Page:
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Facts About "Invisible Wounds"

Thousands of soldiers returning from the wars in Iraq and Afghanistan grapple with combat stress and/or TBI

Our country has been at war for more than a decade, and the conflicts in Iraq and Afghanistan are unlike any our nation has been engaged in.

As our veterans return to our communities following their service in Iraq and Afghanistan, and military families adjust to “The New Normal,” the Home Base Program encourages clinicians, government leaders, educators, business, family service organizations and the faith community to learn more about the experience of our service members, veterans and military families, and the “invisible wounds of war.”

Here Are a Few Key Facts to Begin

  • Less than 1% of Americans serve in the U.S. military.

  • More than 2 million men and women have served in the military since 2001 during our nation’s conflicts in Iraq and Afghanistan. Approximately half deployed more than once, and many more than five times. There are more service members with families than in the past.

  • 37,000 Massachusetts men and women have served in Iraq and Afghanistan conflicts, including National Guard and Reserve.

  • The Global War On Terror began September 11, 2001, and includes three major military combat operations:
    • OEF—Operation Enduring Freedom: Afghanistan Conflict, October 2001—Present
    • OIF—Operation Iraqi Freedom: Iraq, 2003—2010
    • OND—Operation New Dawn: Iraq, 2010 end of combat operations

  • Reserve and National Guard members represent 58% of our nation’s military, a higher percentage than in previous generations. These citizen soldiers and their families live in New England communities without a large military base. Spouses, children, siblings, and other family members need the support of important caring adults in their lives — employers, teachers, coaches, doctors, and clergy.

  • 50% of veterans will seek care in private settings, outside the U.S. Dept. of Veterans Affairs Healthcare System.

Military Families

Military families are extremely resilient. Military children move frequently, often changing schools more than six times during grade school and high school. But the wars of the past decade have been extremely challenging for military families because of the multiple deployments and the shorter “dwell time” between deployments.

  • Nationally, 2 million children have lived through a parent’s deployment.

  • More than 13,000 children in Massachusetts have a parent currently serving in the military, including the Reserve and National Guard. There are 230,000 military family members in Massachusetts.

  • Women now make up 14% of active duty military. More than 10% of women in the military are single parents. More than 180,000 women have served in the conflicts in Iraq and Afghanistan.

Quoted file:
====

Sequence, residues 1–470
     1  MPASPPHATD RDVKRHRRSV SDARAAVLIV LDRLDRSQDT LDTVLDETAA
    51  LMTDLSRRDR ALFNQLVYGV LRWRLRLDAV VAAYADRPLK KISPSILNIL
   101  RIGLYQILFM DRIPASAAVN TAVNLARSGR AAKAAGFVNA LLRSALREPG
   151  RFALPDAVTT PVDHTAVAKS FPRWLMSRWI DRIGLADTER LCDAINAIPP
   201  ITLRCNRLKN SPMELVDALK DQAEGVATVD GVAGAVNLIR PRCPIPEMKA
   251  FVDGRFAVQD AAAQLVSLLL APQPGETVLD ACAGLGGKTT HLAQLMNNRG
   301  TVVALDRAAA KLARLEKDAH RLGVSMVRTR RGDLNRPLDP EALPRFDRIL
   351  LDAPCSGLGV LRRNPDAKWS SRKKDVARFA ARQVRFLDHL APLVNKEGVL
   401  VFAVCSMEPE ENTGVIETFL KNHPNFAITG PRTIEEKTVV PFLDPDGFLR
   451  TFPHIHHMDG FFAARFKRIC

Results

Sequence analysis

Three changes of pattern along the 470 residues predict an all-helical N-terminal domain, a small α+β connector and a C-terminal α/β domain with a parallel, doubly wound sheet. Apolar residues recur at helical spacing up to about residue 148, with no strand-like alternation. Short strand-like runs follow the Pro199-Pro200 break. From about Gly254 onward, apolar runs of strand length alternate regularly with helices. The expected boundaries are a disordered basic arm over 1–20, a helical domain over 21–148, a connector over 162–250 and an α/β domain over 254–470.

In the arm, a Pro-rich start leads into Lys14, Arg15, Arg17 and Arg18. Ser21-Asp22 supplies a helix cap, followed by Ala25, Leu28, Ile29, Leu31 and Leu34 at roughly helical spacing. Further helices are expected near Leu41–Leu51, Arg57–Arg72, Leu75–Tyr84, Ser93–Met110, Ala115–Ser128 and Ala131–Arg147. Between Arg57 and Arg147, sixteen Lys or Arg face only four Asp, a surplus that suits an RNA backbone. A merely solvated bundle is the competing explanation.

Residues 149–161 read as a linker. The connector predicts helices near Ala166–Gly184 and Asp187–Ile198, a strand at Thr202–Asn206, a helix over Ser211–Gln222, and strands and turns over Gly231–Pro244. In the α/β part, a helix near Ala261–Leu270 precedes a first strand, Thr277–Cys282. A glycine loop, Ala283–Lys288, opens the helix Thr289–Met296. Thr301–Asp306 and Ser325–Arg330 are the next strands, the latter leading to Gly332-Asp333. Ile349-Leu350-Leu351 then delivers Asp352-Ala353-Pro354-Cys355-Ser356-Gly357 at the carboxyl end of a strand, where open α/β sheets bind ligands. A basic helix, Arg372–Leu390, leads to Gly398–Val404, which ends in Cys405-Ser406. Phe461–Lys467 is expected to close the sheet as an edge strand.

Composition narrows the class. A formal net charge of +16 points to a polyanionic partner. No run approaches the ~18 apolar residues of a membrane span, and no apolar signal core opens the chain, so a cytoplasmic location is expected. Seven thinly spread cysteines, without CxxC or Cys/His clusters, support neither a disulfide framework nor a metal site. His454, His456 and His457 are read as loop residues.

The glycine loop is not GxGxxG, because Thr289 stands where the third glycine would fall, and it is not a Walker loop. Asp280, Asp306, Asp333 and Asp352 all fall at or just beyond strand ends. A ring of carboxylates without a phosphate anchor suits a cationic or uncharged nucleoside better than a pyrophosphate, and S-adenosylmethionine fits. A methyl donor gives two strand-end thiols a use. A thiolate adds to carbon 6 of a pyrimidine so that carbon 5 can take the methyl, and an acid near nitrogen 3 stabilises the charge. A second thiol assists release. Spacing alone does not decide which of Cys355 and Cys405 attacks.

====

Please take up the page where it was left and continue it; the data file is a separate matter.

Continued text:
• A recent study of the medical records of 640,000 children ages 3 through 8 found when the children were separated from their parent because of deployment:
    • Pediatric visits for behavioral problems increased by 19%
    • Visits for stress disorders increased by 18%.
    • Child anxiety remains high, even after a parent returns.

Invisible Wounds

  • Most people return from war, and with time and support from family and friends, readjust.

  • The majority of returning veterans do not experience Post Traumatic Stress.

  • Post Traumatic Stress, PTS, PTSD, Combat Stress, Combat Operational Stress are all terms used to describe the conditions which affects hundreds of thousands of veterans. It is the body’s normal reaction to a traumatic event.

  • Symptoms of combat stress can occur anytime after returning home, and if the symptoms don’t go away, it’s important to seek help before they get worse. Symptoms include: difficulty concentrating, trouble sleeping, constantly feeling on alert, feeling numb, feeling irritable, avoiding people and places that are stressful.

  • Many symptoms of combat stress (Post Traumatic Stress) are similar to Traumatic Brain Injury including sleep trouble, concentration and memory problems, anxiety, irritability, and fatigue.

  • Traumatic Brain Injuries are the result of exposure to Improvised Explosive Devices (IEDs), which produce blast fields and blast waves which affect the biological functions of the body.

  • Of those who have served, it’s estimated that one in three will experience an “invisible wound” – post traumatic stress or traumatic brain injury – the signature wounds of these wars. (Rand Report 2008)
    • 300,000 or one in five returning veterans experience post traumatic stress or major depression
    • 320,000 returning veterans report having had a possible traumatic brain injury
    • 7% report both - a probable brain injury and current PTSD or major depression.

  • According to the Rand report, less than 50% of veterans will seek care for these “invisible wounds of war.”

  • Treatment works. Research shows that a number of treatments are effective in helping veterans overcome Post Traumatic Stress including Cognitive Behavioral Therapy (CBT); Prolonged Exposure Therapy (PE); Cognitive Processing Therapy (CPT), and Pharmacotherapy.

  • Effective treatment for Traumatic Brain Injury includes Cognitive Rehabilitation Therapy, Speech and Language Therapy, Occupational Therapy, and Physical Therapy.

Connect with Home Base for Care

To schedule a clinical appointment at the Home Base Program, contact us at 617-724-5202 or homebaseprogram@partners.org.

Are you in crisis? If you or a family member is in crisis or facing an emergency, go to the nearest emergency room or call the Veterans Crisis Line at 1-800-273-TALK (8255).